Looking at these new measures in greater detail, Sputnik spoke to Renaud Foucart, a Senior Lecturer in Economics at Lancaster University.
Sputnik: What criteria does the success of a 3-tier lockdown depend on?
Renaud Foucart: I think, in particular a country like the UK, where policing is really by consent, you want people to be on board. I think if you want people to be on board, the three tiers must be different enough that people get the message. So, what I'm concerned about at the moment that when you look at the three tiers, there are three shades of orange. When people will be at the top tier, it will not be that different from the medium tier, and there is no actual three tier system, a green, orange, red light system if you want, but there is no actual green light. So, I think if you want it to work, what needs to be the case is that there is a top tier that is really an emergency but then when you go back to orange, it must be different enough.
It must be different enough that people feel comfortable to live a life like that, I guess at least through Christmas, because if you don't have compliance; if you tell people that they need to follow harder, strict rules, but in fact, they're not following it, maybe the government is sort of covering itself. Then there needs to be a green light and maybe at the moment nobody's in the green light. But if you want to show that we've thought of the plan that will last for the future and again, we're here for the medium, the long term; what you don't want people to believe that there will always be stuck in shades of orange, there must be a tier that corresponds to green and that says we are the back to life as before. If you have those different settings, it will be much easier for people to understand the actual information the government has. A three-tier system is a good idea, you need to do something like that, and the government actually had started to have something like that at the beginning. You need to something like that; clear, differentiated, and for the medium and long run.
Sputnik: Renaud, why are complaints from citizens so limited in your eyes?
Renaud Foucart: Many people might believe they complied without really knowing it, because the rules are very complicated, but even assuming that the rules are very clear, I think alerts a system of reaction and overreaction. The government when you look at the initial assessments of SAGE, the want to get a result by assuming that compliance will be relatively low. So, say for instance, you want people to self-isolate and not to meet too many other people. Ideally, if they have symptoms, you want them to stay at home and not to mix with other households.
In order to achieve that they give very precise examples like if you think of the rule of six; are you allowed to talk to another family in the park, if they have two children, when your family has one child. Everybody would think this is a minor breach, it is not breaking the spirit of the law. People believe that those are all different shades of rules, then you cannot be clear cut. So, I guess, clarity, a feeling that we are all on board, we are all doing this together, and a feeling of transparency of not being treated like children but really, we are doing this together. There was a lot of this back in March but we are not in March now. We had time to organise, we had time to think about long lasting rules and classification, and I think that's how you will get people on board.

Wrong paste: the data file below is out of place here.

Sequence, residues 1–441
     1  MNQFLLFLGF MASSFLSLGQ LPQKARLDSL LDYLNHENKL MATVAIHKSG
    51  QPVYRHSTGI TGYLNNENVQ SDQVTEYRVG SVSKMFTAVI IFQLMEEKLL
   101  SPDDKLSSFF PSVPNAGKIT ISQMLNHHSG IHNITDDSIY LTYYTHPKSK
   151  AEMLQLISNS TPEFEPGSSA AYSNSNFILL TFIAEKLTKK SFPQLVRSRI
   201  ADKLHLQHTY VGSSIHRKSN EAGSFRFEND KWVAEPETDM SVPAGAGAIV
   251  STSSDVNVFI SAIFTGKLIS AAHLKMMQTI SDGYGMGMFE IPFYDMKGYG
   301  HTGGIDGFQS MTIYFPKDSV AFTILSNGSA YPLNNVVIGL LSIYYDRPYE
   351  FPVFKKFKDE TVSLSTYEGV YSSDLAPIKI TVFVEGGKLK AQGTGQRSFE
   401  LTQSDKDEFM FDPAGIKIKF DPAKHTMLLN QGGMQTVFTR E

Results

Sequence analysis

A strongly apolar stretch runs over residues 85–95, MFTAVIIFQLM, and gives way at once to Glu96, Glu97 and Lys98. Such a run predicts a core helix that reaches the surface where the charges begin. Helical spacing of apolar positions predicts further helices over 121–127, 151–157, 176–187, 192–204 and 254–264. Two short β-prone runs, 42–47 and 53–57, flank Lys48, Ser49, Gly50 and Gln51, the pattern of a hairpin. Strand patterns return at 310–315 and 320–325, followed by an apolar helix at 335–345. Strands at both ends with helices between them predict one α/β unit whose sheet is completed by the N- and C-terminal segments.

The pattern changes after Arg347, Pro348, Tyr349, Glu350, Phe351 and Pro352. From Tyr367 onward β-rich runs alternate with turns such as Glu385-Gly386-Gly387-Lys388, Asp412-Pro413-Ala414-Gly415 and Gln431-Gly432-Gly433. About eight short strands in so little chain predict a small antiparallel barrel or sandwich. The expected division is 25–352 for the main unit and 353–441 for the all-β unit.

Sputnik: What areas should the government be focusing on to win back trust from the general public on the back of this new strategy?
Renaud Foucart: There seems to be a big problem of mixing the science and politics the wrong way. The government is the only legitimates authority to decide about the big trade-offs between the economy and health. So, I'm not discussing that, it should be the decision of the government. But then the scientists must not have to think all the time about their relationship with government. So ideally, I think, much more independence for the advisor who is publishing the advice first, and then the government goes and tells the public this is the advice of the scientist but maybe we want to put more weight on the economy, and this is the trade and the decisions we are willing to make. When you think of the implementation of the three tiers no politics. At the moment this is about bargaining between politicians.
Once politics starts to enter the equation, how do you want people to believe that this is really what they should do? Again, I think this should be a very clear statement. If there is a tier three like the one I was mentioning before when you close everything with the schools etc. it should come with full financial support, no discussion, no big bargaining, back to the furlough that there was in March and April. The UK is a country where you want the people to follow the rules because they believe in it and because they are on board. If this is all about politics they will not feel on board. So, I would say that independent advisors implementing the rules. So, it's not the scientist to need to do the politics. It's not the scientist to need to decide on the trader between the economy and health. That's for the elected politicians. That's democracy. However, no cheap politics on local lockdowns and bargains on difference in financial support and exchange of rules. To me, that's the big big move and would be very wise, very wise on the government to do that. We are the government, we make the big decisions, but then we delegate the implementation to independent, transparent scientific advisors.
The views and opinions expressed in the article do not necessarily reflect those of Sputnik.